It was a perfect morning for a hike today - foggy, chilly, but not raining! It’s been raining like crazy here, and we needed to get out into the woods and walk.

It’s amazing how far you can see when the leaves have fallen off the trees…

The fog settles into the trees.

You can see the structures of trees at this time of year.

And observe small streams that develop during the winter.

See glistening details often overlooked during other seasons….like a mossy branch shimmering with rain…

Ferns growing on a Douglas Fir…

And a maidenhair fern (Adantium pedatum) nestled into the leaves on a bank.

Fall and winter bring opportunities to marvel at nature, and to take time to unwind and de-stress from the bustle of the season.

http://www.forestparkconservancy.org/forest-park/

My Garden after the rain

The other day it rained in Portland for the first time in fourteen days – very unusual weather for May. We’ve been really enjoying the sun, but it’s early to have to water the garden. The plants responded and luxuriated in the warm, lush, spring rain today.

Krinkled White Peony (Paeonia ‘Krinkled White’ – herbaceous single)

Pole Pea ‘Cascadia Sugar Snap’

Lupine (Lupinus hybrids)

Mt. Tabor

I live close to an extraordinary Portland (Oregon) City park called Mt. Tabor.  I walk there as much as I can – preferably every morning and often with friends later in the day (http://en.wikipedia.org/wiki/Mount_Tabor,_Portland,_Oregon).  Portland is one of three cities in the United States to have an extinct volcano within the city limits. 

I have walked up at Mt. Tabor literally hundreds of times over the seven years I’ve lived in Portland, in every season and every temperature.  It never fails to fascinate and rejuvenate me.  As I continue my studies in horticultural therapy, I’ve become keenly aware of the benefits of spending time in nature.  The New York Times published an interesting essay on “Why Trees Matter” (April 11, 2012) that you might be interested in reading: http://www.nytimes.com/2012/04/12/opinion/why-trees-matter.html?_r=3.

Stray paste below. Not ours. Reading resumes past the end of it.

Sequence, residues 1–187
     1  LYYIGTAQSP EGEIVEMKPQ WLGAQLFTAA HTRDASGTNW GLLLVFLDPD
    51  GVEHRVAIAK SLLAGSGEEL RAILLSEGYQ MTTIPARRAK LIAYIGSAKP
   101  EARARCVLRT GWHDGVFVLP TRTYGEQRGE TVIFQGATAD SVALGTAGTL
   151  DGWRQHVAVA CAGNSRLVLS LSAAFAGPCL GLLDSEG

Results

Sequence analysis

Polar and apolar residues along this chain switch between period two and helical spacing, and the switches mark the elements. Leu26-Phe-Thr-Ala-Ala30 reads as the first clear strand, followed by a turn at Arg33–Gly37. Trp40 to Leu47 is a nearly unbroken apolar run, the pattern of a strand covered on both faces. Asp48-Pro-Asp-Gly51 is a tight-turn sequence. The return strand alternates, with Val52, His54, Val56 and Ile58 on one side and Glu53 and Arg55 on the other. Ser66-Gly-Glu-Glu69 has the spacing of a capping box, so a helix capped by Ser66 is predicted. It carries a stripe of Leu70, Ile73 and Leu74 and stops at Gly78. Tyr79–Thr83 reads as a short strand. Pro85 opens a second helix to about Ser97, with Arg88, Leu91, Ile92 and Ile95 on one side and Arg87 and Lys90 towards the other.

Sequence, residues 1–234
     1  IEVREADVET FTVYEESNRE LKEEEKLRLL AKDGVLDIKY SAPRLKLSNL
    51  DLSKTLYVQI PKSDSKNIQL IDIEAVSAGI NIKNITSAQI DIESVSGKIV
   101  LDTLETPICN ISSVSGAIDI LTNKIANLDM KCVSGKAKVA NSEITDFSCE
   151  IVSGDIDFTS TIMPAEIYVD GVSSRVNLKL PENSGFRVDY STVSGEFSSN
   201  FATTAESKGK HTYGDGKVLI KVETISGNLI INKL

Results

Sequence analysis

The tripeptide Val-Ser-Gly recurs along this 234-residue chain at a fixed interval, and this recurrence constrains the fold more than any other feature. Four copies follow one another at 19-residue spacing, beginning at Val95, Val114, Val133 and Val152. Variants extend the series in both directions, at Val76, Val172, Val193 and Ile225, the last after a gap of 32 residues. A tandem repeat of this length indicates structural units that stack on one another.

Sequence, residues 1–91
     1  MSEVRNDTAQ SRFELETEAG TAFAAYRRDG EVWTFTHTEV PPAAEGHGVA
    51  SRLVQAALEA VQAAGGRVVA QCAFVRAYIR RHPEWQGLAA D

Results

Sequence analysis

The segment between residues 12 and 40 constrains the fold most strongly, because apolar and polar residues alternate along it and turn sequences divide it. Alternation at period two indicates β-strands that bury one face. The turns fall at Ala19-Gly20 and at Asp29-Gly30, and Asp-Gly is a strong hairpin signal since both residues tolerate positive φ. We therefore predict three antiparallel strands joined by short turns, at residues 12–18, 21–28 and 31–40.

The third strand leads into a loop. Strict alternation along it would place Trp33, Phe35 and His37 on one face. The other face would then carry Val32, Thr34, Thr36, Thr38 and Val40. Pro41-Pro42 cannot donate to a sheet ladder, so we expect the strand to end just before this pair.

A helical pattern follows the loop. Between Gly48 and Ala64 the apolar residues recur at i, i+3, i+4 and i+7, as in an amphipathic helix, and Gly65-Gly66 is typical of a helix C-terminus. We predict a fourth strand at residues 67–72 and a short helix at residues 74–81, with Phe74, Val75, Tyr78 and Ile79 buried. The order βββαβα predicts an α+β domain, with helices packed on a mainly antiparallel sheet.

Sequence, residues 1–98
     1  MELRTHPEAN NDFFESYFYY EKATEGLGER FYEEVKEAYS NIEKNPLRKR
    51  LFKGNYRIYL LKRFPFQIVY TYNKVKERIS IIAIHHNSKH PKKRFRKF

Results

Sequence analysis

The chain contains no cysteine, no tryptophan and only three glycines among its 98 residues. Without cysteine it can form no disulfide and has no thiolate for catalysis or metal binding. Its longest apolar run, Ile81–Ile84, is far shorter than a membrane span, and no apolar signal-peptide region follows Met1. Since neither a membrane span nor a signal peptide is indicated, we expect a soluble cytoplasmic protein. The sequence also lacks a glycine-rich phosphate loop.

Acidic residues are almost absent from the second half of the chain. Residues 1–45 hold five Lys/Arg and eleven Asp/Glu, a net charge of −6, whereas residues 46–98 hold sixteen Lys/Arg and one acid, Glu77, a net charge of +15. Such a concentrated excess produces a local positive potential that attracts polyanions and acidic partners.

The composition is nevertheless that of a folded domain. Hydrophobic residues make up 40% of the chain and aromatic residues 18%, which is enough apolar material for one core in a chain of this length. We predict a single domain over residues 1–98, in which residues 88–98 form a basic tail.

Walking at Mt. Tabor, or anywhere in nature, reduces my stress, provides sensory stimulation (sight, sound, touch, smell and even sometimes taste), and of course provides physical exercise.  Below are some of my favorite photos that I’ve taken over the years. 

Springtime in Portland

Hey there – I’m Kate and I live in Portland, Oregon.  I’ve lived here for almost seven years, having moved from Massachusetts.  I’m in the midst of a major transition in my life.  I decided early last fall to leave my former career after 20 years and go back to school to study horticultural therapy.  As a result, I’m starting my own small business called Blossom Consulting LLC.  So this blog is about me and how I relate to nature, gardens and people.

We’ve all been complaining about the weather here this spring.  It seems like the longest, wettest and coldest spring ever, and it feels like winter is just now ebbing.  It may have been a wet and rainy winter, but it wasn’t cold – at least not cold enough for a killing frost.  Some herbaceous perennials never lost their leaves over the winter.  Last weekend was stunning, sunny and low 80’s – when Portland shines, there’s nothing quite like it anywhere on the planet and I am reminded just how much I love living here.  Yesterday it rained, hailed, the sun came out and there were rainbows and the high was 59 degrees – a very typical Portland mid-spring day.

I walked in my neighborhood in Southeast Portland early this morning.  Yesterday during the heavy rains and wind, the Kwanzan cherry trees (Prunus serrulata ‘Kwanzan’) were losing their vibrant pink petals in a flurry, and the sidewalks were covered with what appeared to be bubble-gum colored snow.  This morning the air smelled of spring lushness.  My neighbors, like many Portlanders, are passionate gardeners and growers.   Here’s some pictures from this morning. 

The tree peonies (Paeonia) are just beginning to bloom – here they grow huge, sometimes to 6’ tall with dinner-plate-sized blooms and are considered to be a deciduous shrub. 

The lilacs (Syringia vulgaris) are in full bloom

As are the dogwoods (Cornus)

And Redbuds (Cercis Canadensis) – particularly remarkable because of the way the buds grow right out of the bare branches, and in this case, out of the main trunk.